'Now you know: this is the place
where water insists on being ice...'
Hans Christian Anderson's 'The Snow Queen' is essential seasonal/magical reading. A story open to many re-interpretations (Disney's 'Frozen' for one), it has also inspired many poems, some of which I'd like to share here.
Love and more specifically, lack of love, seem to be the main themes prevalent in them. In this poem from Sandra Gilbert, we are offered a meditation on the nature of personalities and how some people just can't be saved from cruel influences or tragic fates. How love sometimes, is not enough to compete with the cold, in whatever form that may be.
The Last Poem About the Snow Queen - Sandra Gilbert
'Then it was that little Gerda walked into the Palace,
through the great gates, in a biting wind…She saw Kay,
and knew him at once; she flung her arms round his neck,
held him fast, and cried, “Kay, little Kay, have I found you at last.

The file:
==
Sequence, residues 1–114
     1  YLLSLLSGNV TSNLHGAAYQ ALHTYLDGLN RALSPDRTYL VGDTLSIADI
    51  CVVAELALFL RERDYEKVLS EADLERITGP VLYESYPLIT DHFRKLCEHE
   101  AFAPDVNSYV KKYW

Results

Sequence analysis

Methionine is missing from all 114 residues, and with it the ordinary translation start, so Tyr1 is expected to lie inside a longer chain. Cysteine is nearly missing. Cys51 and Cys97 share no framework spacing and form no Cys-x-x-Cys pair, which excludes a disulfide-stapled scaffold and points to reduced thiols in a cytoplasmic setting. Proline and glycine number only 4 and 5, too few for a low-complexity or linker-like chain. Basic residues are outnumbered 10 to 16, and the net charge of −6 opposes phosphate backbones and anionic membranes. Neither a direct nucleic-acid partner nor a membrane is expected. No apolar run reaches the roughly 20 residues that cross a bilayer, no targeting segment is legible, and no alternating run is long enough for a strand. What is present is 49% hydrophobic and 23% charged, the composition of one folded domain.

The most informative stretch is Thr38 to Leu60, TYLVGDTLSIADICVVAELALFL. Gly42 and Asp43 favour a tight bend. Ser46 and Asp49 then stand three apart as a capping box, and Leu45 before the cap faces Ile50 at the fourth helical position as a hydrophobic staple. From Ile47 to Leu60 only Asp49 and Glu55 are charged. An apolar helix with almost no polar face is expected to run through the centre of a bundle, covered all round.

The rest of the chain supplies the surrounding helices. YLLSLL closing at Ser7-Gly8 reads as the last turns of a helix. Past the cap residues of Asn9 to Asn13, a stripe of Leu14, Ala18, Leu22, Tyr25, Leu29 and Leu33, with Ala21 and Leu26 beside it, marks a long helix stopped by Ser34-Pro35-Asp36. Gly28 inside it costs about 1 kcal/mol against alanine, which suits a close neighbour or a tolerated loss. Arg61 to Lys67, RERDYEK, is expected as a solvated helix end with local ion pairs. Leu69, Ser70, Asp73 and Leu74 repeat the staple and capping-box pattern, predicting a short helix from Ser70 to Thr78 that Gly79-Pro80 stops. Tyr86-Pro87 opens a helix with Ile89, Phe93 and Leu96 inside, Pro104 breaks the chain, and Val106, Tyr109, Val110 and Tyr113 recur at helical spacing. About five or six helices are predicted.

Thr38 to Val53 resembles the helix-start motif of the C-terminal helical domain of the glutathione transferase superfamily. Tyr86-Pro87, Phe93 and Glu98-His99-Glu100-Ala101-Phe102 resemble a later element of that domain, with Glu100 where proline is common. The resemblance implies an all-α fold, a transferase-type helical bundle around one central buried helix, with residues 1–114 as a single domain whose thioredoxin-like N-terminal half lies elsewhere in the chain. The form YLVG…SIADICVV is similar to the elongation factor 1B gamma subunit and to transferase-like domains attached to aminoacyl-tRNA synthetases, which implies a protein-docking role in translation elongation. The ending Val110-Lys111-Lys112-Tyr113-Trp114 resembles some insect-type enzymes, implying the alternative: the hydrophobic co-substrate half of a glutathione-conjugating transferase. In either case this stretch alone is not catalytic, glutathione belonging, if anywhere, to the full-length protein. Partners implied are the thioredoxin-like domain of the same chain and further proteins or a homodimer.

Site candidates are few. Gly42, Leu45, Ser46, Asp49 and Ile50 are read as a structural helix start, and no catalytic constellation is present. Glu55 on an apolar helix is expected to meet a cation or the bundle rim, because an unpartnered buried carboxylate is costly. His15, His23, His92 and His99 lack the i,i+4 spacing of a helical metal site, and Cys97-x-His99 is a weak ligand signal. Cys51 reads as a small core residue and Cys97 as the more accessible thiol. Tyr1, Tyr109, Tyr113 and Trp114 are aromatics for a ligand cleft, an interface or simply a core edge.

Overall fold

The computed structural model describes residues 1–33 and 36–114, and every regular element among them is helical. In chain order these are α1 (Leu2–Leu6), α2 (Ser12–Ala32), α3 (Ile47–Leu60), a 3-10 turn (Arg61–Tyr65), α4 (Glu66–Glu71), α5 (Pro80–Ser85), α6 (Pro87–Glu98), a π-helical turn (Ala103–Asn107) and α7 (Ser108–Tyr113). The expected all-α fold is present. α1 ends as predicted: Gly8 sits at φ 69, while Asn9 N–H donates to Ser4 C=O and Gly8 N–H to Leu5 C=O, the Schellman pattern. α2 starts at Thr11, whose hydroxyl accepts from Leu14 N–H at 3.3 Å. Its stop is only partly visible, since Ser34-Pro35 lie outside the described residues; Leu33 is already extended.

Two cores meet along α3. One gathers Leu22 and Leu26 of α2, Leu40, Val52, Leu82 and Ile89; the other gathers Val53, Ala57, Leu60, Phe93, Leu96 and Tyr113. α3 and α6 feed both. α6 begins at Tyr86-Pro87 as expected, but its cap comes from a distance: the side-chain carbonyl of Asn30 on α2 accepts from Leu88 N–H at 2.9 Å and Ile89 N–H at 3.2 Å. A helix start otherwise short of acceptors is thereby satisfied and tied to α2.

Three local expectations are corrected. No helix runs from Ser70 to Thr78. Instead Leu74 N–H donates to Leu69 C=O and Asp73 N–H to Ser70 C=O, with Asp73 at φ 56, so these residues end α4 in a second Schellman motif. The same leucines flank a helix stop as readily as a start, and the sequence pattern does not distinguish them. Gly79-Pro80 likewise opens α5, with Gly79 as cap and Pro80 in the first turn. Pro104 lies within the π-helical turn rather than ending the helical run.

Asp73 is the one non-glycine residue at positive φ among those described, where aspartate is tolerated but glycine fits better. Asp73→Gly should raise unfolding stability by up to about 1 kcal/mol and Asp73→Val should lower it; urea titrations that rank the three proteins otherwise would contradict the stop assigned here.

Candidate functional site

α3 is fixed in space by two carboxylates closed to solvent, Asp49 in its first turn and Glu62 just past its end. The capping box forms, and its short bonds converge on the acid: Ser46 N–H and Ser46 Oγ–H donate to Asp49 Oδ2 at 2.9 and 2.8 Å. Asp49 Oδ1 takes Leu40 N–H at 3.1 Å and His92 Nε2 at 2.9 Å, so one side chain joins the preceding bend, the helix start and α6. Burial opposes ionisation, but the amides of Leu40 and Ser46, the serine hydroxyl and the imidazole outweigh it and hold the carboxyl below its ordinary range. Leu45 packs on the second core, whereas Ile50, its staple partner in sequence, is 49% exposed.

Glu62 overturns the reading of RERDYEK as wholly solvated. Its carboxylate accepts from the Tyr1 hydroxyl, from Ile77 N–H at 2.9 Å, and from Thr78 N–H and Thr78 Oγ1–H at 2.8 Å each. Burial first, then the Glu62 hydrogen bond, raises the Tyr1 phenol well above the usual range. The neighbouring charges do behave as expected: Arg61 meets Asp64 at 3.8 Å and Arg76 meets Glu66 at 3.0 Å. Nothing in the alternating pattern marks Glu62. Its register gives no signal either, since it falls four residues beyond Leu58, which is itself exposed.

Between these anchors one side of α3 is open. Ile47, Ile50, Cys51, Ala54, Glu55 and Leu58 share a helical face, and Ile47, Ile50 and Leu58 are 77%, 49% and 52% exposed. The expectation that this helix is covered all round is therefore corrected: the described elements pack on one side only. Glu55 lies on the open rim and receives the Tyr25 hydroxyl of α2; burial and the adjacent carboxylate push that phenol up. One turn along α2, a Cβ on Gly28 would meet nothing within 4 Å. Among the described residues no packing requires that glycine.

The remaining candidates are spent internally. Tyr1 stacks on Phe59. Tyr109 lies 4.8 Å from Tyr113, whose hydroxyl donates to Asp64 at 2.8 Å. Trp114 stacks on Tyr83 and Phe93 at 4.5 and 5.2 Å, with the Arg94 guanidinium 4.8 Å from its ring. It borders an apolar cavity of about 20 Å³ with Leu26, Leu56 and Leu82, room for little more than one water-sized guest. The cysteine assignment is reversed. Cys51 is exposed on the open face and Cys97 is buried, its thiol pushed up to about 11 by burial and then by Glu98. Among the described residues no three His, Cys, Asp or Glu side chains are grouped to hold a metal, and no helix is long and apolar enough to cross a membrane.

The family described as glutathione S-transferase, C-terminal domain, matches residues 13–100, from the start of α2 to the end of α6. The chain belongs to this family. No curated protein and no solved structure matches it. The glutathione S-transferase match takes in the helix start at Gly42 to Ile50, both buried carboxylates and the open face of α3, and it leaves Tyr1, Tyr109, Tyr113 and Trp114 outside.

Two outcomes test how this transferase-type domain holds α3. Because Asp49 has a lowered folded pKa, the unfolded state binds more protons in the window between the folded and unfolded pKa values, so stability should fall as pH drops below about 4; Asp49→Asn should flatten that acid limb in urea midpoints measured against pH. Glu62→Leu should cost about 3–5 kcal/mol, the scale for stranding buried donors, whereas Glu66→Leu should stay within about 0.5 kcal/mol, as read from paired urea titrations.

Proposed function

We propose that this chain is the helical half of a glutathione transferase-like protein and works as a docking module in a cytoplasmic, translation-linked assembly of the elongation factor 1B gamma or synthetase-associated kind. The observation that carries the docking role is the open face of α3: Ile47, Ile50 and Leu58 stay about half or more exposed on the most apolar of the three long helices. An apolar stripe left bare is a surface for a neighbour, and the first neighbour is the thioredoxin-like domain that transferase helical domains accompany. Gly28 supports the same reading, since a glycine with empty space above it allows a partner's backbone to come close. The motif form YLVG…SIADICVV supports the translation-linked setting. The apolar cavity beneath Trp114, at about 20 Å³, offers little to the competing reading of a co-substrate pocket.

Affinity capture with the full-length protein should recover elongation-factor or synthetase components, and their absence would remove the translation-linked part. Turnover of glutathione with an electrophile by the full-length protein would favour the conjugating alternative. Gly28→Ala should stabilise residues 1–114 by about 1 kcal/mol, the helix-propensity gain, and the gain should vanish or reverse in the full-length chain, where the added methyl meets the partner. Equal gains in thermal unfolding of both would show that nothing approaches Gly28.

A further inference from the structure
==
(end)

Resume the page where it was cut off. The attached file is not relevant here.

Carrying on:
But he sat still, rigid and cold.'
-Hans Christian Andersen, “The Snow Queen”
You wanted to know “love” in all its habitats, wanted
to catalog the joints, the parts, the motions, wanted
to be a scientist of romance: you said
you had to study everything, go everywhere,
even here, even
this ice palace in the far north.
You said you were ready, you’d be careful.
Smart girl, you wore two cardigans, a turtleneck,
fur lined boots, scarves,
a stocking cap with jingle bells.
And over the ice you came, gay as Santa,
singing and bringing gifts.
Ah, but the journey was long, so much longer
than you’d expected, and the air so thin,
the sky so high and black.
What are these cold needles, what are these shafts of ice,
you wondered on the fourteenth day.
What are those tracks that glitter overhead?
The one you came to see was silent,
he wouldn’t say “stars” or “snow,”
wouldn’t point south, wouldn’t teach survival.
And you’d lost your boots, your furs,
now you were barefoot on the ice floes, fingers blue,
tears freezing and fusing your eyelids.
Now you know: this is the place
where water insists on being ice,
where wind insists on breathlessness
where the will of the cold is so strong
that even the stone’s desire for heat
is driven into the eye of night.
What will you do now, little Gerda?
Kay and the Snow Queen are one, they’re a single
pillar of ice, a throne of silence -
and they love you
the way the teeth of winter
love the last red shred of November.